Business World

Tuesday 11 December 2018

Risky business: over half of travellers affected by incidents

Emergency services respond after the recent attack on Las Ramblas in Barcelona Photo: AP
Emergency services respond after the recent attack on Las Ramblas in Barcelona Photo: AP

Mark Evans

Incidents in Las Vegas, London, Marseille and Barcelona in the recent weeks alone show that the world can be a dangerous place, and in destinations where such events are least expected.

Incredibly, it's been revealed this week that over half - 53pc - of business travellers have reported being near a "major event" while abroad for work. Such events include "flooding, epidemic, riot, earthquake or terrorist attack".

Worse still, 41pc of those affected weren't contacted by their company when an incident arose. Of those who were, just over one in three found the contact unhelpful or mildly useful.

The survey by Innofact was carried out on behalf of employee spend management and business travel giant Concur, and follows surveys and warnings to companies from the US-based Global Business Travel Association on the issue of safety.

"I was absolutely shocked at the data. I know some companies pay lip service to their duty-of -care commitment and rely on travel management companies to perform that duty of care, but it's hard if they haven't booked through that company and they don't know where they are," Chris Baker, managing director of UK Enterprise at Concur, told the Sunday Independent.

With up to 40pc of business travellers not using specialised booking agencies, the onus then is on companies to adequately train and inform workers on what to do in a risk situation, he believes.

And he says terrorist attacks and upheaval in Europe makes this even more important: "Companies have been caught out because this isn't about your workers travelling to Africa or Asia or the Middle East, this could be your non-travellers, just your workers spread across the UK or Ireland."

As with other travel-management companies, the technology is there to warn those abroad and touch base with them when a situation occurs. He recalls his time at Microsoft, where "it took us all day to account for all the employees", with the tech giant buying a messaging solution provided by his present company to speed up that process.

"We have Concur Locate - it tells where am I right now. My travel manager knows I've just got off a flight or in a hotel or, because we've connected to their ecosystem, he knows I just got out of an Uber."

And while he says "we're no risk experts", he uses a specialised third party; "companies like Helix who are constantly checking the risk situation". Other experts in the field include International SOS, which analyse tensions and upcoming events and offer messaging in real time to affected employees. Respondents to the survey pointed towards a lack of confidence in their company to deliver assistance when it's vital, with only 42pc believing it would be able to help in any situation.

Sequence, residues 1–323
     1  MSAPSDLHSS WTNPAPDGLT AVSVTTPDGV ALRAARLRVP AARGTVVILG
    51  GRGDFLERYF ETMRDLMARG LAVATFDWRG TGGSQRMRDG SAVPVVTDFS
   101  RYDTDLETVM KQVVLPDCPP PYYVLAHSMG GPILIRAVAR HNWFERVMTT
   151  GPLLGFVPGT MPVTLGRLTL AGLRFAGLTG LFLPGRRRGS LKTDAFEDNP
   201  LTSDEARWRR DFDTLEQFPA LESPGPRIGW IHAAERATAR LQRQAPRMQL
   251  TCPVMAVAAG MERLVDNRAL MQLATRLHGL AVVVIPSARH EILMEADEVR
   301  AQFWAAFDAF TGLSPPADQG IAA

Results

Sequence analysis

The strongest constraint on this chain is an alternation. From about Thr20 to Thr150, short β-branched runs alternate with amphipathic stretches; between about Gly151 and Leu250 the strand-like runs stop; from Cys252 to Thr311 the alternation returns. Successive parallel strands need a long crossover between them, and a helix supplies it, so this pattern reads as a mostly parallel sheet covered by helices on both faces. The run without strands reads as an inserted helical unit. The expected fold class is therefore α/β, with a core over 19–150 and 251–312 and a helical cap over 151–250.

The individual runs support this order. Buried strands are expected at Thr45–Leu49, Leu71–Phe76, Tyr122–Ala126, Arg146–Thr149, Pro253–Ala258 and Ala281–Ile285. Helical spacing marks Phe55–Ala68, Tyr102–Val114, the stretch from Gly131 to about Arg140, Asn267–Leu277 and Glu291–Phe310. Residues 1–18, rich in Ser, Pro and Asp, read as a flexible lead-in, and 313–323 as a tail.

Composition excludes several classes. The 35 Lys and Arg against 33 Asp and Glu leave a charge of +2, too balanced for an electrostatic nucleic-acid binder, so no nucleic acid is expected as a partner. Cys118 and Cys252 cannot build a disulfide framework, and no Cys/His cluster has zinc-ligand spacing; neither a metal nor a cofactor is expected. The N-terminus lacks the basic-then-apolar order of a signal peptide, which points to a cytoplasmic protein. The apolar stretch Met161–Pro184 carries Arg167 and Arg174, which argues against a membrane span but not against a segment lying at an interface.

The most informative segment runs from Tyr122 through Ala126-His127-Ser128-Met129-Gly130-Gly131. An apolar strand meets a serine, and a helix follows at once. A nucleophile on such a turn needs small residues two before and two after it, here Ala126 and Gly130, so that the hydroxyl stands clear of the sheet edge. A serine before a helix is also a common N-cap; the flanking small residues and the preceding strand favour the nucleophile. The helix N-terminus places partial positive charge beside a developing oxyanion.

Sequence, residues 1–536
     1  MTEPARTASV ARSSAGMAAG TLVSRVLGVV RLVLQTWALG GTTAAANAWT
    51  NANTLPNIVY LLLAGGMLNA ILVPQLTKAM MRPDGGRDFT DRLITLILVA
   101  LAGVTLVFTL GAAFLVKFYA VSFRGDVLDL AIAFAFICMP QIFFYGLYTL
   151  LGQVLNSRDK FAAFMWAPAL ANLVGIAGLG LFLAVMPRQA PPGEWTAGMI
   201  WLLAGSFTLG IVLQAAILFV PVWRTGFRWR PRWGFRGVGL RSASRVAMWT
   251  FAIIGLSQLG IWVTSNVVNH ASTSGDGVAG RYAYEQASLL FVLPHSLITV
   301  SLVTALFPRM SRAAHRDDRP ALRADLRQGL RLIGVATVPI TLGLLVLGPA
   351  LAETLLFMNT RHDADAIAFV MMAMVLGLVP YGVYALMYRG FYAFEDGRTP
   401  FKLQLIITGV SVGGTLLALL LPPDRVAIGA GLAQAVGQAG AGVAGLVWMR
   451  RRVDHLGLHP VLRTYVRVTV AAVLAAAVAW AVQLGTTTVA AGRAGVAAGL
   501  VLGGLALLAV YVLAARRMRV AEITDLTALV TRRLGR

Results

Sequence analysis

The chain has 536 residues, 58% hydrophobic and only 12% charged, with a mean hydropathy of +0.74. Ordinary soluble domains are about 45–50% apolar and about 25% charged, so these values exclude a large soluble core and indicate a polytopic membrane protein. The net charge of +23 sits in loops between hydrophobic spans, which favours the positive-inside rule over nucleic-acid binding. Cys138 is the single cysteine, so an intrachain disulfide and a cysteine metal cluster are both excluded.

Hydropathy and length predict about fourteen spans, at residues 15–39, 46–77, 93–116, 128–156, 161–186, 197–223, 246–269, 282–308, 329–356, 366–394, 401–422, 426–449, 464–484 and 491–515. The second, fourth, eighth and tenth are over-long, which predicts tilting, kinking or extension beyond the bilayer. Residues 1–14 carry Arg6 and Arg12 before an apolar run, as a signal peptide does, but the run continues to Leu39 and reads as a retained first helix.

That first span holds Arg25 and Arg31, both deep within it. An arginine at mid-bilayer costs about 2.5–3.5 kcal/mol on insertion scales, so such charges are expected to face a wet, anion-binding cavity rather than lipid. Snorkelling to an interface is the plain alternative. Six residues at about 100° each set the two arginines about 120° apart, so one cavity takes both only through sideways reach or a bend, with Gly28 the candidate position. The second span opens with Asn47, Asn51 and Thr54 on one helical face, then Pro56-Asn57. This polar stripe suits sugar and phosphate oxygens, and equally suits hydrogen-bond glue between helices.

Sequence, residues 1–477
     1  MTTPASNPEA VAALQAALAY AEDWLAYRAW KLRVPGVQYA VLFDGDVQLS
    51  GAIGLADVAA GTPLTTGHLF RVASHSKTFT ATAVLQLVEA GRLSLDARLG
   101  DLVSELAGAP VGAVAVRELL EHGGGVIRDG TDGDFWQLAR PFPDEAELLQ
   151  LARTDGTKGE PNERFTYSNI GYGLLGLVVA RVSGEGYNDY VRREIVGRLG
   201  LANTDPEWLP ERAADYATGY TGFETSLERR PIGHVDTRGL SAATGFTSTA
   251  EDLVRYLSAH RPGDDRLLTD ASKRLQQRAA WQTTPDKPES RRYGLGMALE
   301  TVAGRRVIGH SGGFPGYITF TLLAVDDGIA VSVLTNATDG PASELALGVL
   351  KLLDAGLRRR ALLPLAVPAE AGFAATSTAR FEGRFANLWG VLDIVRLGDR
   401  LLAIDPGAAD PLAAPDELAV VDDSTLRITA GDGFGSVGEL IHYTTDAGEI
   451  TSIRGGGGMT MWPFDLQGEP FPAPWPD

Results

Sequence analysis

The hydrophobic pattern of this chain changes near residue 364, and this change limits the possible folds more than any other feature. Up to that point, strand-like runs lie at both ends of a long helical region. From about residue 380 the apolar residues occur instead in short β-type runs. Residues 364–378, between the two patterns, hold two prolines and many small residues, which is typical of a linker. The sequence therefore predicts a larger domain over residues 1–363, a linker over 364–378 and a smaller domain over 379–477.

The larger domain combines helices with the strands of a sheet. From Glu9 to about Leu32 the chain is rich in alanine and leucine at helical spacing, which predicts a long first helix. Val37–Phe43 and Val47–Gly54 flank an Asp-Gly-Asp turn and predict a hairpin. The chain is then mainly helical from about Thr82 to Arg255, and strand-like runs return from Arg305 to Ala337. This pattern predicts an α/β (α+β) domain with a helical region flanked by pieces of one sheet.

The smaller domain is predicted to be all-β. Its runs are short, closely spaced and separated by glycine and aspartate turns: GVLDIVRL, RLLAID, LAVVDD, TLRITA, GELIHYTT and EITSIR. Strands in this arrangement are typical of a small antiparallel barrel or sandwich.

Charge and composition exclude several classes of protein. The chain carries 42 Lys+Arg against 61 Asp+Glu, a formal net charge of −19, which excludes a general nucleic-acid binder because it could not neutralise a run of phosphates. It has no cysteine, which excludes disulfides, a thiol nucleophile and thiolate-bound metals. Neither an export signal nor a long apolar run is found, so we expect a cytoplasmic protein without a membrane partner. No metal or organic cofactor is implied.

In the UK, companies have a responsibility of duty of care, says Baker, but here in Ireland health-and-safety legislation doesn't cover acts of God, such as the Icelandic volcano, or terror events. It does, however, cover injuries sustained in work - even abroad - with such cases investigated, if necessary, by the authorities in those countries, the Health and Safety Authority told this column.

n Bleisure - where corporate travellers remain on to enjoy a city's attractions after their work is done - is on the rise, particularly among younger workers. And a new survey by German-headquartered travel platform Weekengo illustrates where's worth hanging on, whether you're a culture vulture, foodie or nightlife fan. Cities are scored on the basis of factors including museums/galleries, eating out, open spaces, safety for women and attitudes towards LGBT visitors. London tops the poll, only faring poorly on security following recent terror attacks and incidences of street crime. Its eating out and drinking options give it near-perfect scores of just under 99pc each.

Berlin's a close second, scoring most highly for theatres and cinemas, hotels and city walkability. The German capital is followed by Vienna, Hamburg, Paris, Amsterdam and New York.

Of the major cities where Irish companies and government bodies do business, Munich was placed eighth, Frankfurt and Brussels were 32nd and 33rd respectively, while Copenhagen was 18th and Hong Kong in 45th place. Dublin fares well (21st place), just behind well-hyped Sydney and Vancouver, and narrowly edged out by Prague.

The survey finds that Dublin is better for LGBT travellers than women (93.3pc versus 88.42pc). It's also viewed as good for Millennials (90.8pc) and security (90pc). The survey - based on a host of metrics, including hotel prices, taxi fares, etc - found Dublin to be weakest for galleries/museums at 78.79pc and eating out (85.42pc). Overall, it's not a bad score for Ireland. "Given the fact that we looked at over 1,000 cities worldwide, every destination that made it to this top 100 ought to be on your bucket list," said Tobias Boese, co-founder and managing director of WeekenGO.

Sunday Indo Business

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